Eating healthy, nutritious food is important at every stage in your life. However, during pregnancy there are specific demands for particular nutrients. Iron, calcium, iodine and folic acid are needed in higher amounts.
Following a varied and balanced pregnancy diet will help to provide your body with sufficient vitamins and minerals. But even with the best diet, you will need to take specific supplements to meet your own and your baby's needs.
All pregnant women are advised to take folic acid supplements for at least one month before conceiving and for the first three months of their pregnancy. This mineral is essential for the healthy development of the baby's neural tube.
Speak with your healthcare professional before taking any supplements, to ensure they are safe to take during pregnancy. And check here for specific information about folic acid recommendations.
Benefits of folic acid in pregnancy
Folic acid is the supplement form of the vitamin, folate. It is a B-group vitamin found in a variety of fresh foods.
Primarily, in early pregnancy folic acid helps protect babies from developing neural tube defects. The neural tube will form two of your baby's most important body parts their brain and spinal cord. It is vital that pregnant women are receiving the recommended dose of this important vitamin.
When taken for one month before conception and in the first trimester, folic acid may also help to protect your baby against having a low birth weight and growing poorly in the womb.
If you are planning to conceive, it's a good idea to start taking a folic acid supplement before you conceive. Building up your levels of this essential vitamin will help to give your little one a great start in the womb. In fact, folic acid is so important in the first trimester of pregnancy that many researchers say all women of child bearing age should be taking supplements, even if they aren t planning a baby. This is why folic acid is added to many common foods such as bread and breakfast cereals.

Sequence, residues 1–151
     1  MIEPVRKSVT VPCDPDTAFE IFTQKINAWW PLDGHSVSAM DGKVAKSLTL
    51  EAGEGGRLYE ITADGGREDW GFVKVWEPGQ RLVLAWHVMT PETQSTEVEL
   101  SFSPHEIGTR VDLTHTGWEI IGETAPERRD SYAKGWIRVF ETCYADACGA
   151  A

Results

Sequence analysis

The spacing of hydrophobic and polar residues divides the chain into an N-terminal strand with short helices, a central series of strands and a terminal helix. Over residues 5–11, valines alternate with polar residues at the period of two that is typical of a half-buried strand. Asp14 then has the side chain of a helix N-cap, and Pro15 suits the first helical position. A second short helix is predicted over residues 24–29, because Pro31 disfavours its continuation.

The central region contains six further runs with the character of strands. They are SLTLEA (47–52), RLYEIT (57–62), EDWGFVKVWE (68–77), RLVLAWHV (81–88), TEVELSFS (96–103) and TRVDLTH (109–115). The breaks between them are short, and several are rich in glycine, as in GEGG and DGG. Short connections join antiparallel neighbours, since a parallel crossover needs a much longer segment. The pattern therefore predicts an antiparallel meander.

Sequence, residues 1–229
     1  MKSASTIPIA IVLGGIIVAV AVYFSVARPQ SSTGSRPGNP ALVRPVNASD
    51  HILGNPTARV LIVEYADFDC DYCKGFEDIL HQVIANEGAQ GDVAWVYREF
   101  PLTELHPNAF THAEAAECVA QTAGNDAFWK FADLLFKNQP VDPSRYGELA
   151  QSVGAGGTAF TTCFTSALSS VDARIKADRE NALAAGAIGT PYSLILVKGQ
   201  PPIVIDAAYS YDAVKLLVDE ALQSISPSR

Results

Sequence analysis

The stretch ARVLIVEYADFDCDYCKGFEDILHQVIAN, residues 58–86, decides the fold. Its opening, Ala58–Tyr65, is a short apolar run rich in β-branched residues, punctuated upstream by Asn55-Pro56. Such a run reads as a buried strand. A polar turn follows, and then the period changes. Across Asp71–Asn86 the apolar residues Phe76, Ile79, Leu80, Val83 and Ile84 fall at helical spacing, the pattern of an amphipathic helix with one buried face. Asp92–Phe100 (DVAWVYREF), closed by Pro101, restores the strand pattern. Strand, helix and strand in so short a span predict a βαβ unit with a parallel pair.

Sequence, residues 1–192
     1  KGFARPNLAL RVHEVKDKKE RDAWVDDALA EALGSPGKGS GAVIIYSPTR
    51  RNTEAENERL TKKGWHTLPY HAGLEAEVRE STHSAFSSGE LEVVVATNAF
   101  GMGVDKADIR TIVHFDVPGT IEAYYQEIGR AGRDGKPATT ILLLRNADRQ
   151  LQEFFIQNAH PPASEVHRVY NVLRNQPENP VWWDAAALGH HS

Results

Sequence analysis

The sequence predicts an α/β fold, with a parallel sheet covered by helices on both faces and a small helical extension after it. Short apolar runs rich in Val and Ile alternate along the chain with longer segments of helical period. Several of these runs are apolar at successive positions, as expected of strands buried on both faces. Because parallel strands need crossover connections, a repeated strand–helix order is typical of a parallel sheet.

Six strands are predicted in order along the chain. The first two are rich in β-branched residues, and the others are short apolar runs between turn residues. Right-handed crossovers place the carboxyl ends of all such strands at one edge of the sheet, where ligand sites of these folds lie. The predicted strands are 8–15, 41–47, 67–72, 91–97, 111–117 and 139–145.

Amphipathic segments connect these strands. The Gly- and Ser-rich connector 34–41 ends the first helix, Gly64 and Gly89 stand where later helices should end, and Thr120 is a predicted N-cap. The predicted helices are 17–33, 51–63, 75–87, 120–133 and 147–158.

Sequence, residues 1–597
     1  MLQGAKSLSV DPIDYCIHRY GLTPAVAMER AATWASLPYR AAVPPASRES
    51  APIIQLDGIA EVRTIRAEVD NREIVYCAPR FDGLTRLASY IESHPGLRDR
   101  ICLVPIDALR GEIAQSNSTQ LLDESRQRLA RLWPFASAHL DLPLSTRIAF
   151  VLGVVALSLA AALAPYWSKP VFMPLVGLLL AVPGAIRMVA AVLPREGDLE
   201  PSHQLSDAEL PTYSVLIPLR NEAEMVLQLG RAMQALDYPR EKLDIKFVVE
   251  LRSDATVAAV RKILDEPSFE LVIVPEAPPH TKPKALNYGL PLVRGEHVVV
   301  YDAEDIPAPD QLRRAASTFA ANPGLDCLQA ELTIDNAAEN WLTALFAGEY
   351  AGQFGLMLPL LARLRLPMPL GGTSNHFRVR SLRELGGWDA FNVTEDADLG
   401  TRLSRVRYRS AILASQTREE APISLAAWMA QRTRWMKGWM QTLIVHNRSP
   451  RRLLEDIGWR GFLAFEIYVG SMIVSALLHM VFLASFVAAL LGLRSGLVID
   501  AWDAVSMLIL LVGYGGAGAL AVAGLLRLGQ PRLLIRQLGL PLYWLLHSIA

During the first three months of pregnancy, a daily folic acid supplement is also recommended. It's important to follow a healthy pregnancy diet including foods that are naturally rich in folate as well.
Folic acid supplements in Australia and New Zealand
In Australia and New Zealand, you can buy folic acid supplements over the counter from pharmacies. Sometimes folic acid is included in multi-vitamin supplements; however, the dose can be lower than the recommended amount for preconception and early pregnancy.
The recommended daily dose of folic acid supplement for pregnant women is 0.5 mg. However, some women need to take a higher dose, up to 5 mg of folate each day, particularly those at risk of having a pregnancy affected by a neural tube defect. Women who are taking medication for epilepsy may also need to take a higher dose. Check with your doctor and/or maternity care provider about what dose is right for you.
Specific folic acid supplements and some pregnancy vitamins generally contain an adequate dose of folic acid. Other multi vitamins might not contain the right amount so always check the label.
If you haven t already done so, double check with your healthcare professional that any supplement you take is giving you the right amounts of the nutrients you need. Not all pregnancy supplements are created equal and each one will contain varying levels of different vitamins. Finding a supplement that suits your unique needs is crucial.
Foods high in folate
Adding folate-rich foods to your pregnancy diet is another way of meeting your nutritional needs during pregnancy. These are some of the best sources of folate:
- Green leafy vegetables
- Brussels sprouts
- Chick peas
- Dried beans
- Bran flakes
- Citrus fruits including oranges and orange juice
- Wheat germ
- Wholegrain bread
- Bread and cereal products fortified with folic acid
Reviewed and edited by Jane Barry, midwife and child health nurse on 3 June 2021.
Last Published* November, 2021
*Please note that the published date may not be the same as the date that the content was created and that information above may have changed since.